• Unique Boy Names: Axelian, Boris, Callington, Dipson, Elio, Finlo, Gino, Hyson, Ivor, Jeffen, Kenula, Lison, Morley, Noam, Oxled, Penn, Quade, Reef, Salem, Tully, Uzziah, Valan, Walt, Xinze, York, Zarlo

Finally, here are the 2015 rankings, if you’d like to compare.

Source: Popular Baby Names in 2016 – Govt. of South Australia

Name Quotes #52: Ranger, Roxcy, Nina, Gal

Some name-related quotes to kick off the week…

From “How Newly Discovered Species Get Their Weird Names” by Rachel E. Gross:

Horseflies are fierce. Like mosquitoes, they require a blood meal before they can reproduce. But even for a horsefly, this one was special. Bryan Lessard first spotted her in the Australian National Insect Collection. As soon as he laid his eyes on her round, golden abdomen, draped in two translucent, honey-colored wings, he knew: “I figured, if I’m ever going to name a species after Beyoncé, this is it.”

Until then, it had been known to locals as the “golden bum fly” but had not been described scientifically. No longer. In 2011, the artist-formerly-known-as-golden-bum-fly officially got her new taxonomic name: Scaptia beyonceae. With this moniker, Lessard hoped, she “would become an ambassador for bootylicious biodiversity.”

From the recent New York Times obituary of feminist Roxcy Bolton by Sam Roberts:

Her crusade to include men’s names when meteorologists differentiated hurricanes placed her at the eye of an international storm.

[…]

Following a long naval tradition of giving storms women’s names, just as ships are referred to by female pronouns, government forecasters adopted the practice in 1953 and applied it alphabetically.

Soon, weathermen — and they were mostly men — were applying sexist clichés to the storms, like suggesting that they were unpredictable or “temperamental” and were “flirting” with barrier islands or coastlines.

[…]

But a generation after Ms. Bolton began her campaign, the weathermen finally capitulated.

From a blog post about family names by Heather B. Armstrong (a.k.a. Dooce):

My sister’s name is September, and today is her 32nd birthday. Yes, that’s right. My parents named my sister September even though she was born in January, and she has consequently suffered years of obvious questions. Of course, these are the same people who named their only son Ranger.

From “You’ve Been Pronouncing Gal Gadot’s Name Wrong This Whole Time” by Monica Sisavat:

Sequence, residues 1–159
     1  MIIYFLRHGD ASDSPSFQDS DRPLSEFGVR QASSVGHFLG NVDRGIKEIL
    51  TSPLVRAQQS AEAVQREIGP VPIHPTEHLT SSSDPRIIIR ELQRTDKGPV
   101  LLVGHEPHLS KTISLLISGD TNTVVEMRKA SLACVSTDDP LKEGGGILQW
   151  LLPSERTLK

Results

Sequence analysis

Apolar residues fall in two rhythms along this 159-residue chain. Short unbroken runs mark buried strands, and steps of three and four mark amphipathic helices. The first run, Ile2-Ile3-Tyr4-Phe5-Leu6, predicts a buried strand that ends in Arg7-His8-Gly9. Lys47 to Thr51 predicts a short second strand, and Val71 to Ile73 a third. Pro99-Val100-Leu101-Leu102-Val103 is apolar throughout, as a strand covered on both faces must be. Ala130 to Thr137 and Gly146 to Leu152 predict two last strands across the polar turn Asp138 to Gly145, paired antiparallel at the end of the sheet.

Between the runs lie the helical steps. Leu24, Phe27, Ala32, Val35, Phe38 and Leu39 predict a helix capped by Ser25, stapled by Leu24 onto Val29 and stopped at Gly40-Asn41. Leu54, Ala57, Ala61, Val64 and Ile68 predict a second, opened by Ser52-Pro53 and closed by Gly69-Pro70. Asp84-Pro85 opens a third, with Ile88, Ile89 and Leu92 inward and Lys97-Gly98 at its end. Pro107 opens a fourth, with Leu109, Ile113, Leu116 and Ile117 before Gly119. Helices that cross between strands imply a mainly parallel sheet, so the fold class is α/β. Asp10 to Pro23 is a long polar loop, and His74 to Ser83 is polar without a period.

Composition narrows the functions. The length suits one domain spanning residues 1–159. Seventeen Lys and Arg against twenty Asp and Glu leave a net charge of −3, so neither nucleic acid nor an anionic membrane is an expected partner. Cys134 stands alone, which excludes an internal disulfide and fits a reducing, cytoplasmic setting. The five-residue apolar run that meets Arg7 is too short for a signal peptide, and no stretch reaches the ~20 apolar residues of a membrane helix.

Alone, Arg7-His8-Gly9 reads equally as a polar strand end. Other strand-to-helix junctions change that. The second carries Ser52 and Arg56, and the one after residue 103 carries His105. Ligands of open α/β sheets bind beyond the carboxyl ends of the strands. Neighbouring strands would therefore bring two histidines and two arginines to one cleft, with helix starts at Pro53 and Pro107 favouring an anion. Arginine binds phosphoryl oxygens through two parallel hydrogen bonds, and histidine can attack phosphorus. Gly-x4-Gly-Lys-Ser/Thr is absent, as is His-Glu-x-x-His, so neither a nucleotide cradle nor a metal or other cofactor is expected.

Gal’s first name is pretty much pronounced how it’s written (think “gal pal”). You’ve also probably found yourself pronouncing her last name as “Guh-dough” or “Gah-dot” thinking you’ve got it all down, but sorry to disappoint you: both of those are wrong. … During her interview with Jimmy Kimmel, Gal explained that the correct way to pronounce her last name is “Gah-dote.” Say it with me: “Gah-dote.” Gadot means river bank, while Gal means wave in Israeli.

From Nina Sankovitch’s memoir Tolstoy and the Purple Chair (2011):

For my father, the consequences of war brought him far from home, and eventually across an ocean, to start over in a new world. My parents tell me I was named after the members of the corps de ballet of the Bolshoi, most of whom were named Nina. They went to see a performance of the Bolshoi just days before I was born. But I also know that my name is another ripple effect of the war, coming from my father’s sister Antonina, who was murdered that night in 1943.

(Three of her father’s siblings — Sergei, Antonina, and Boris — were all killed one night during WWII.)

From “Waiting To Pick Your Baby’s Name Raises The Risk For Medical Mistakes” by Katherine Hobson:

Adelman and his colleagues came up with a new naming convention that incorporates the mom’s first name. Instead of Babygirl Hobson, my daughter would instead be tagged as Katherinesgirl Hobson. Twins would be called 1Katherinesgirl and 2Katherinesgirl, rather than the conventional BabygirlA and BabygirlB. (Another system using temporary names like CutiePie and BuggyBear was rejected, says Adelman.)

From an article about Prof. Marsha “M” Mark in Vassar College student newspaper Miscellany News:

Mark begins her classes by telling the story behind her name. “For just a few moments after I was born, [my parents] thought that Marsha Mark was a really nice name. But a couple of hours passed and then they said, ‘No wait, it’s a terrible name!’ and they went to try and change it, but the folks at the hospital said, ‘No, sorry, you signed the papers, so that’s the name,'” Mark recounted. “To my mind, the name Marsha either belongs to a sister in The Brady Bunch or to someone who wears, maybe, pink ruffles. And neither of those applies to me. So, I’ve been called M my whole life, and I’m happy with it.”

Have you spotted any good name-related quotes/articles lately? Let me know!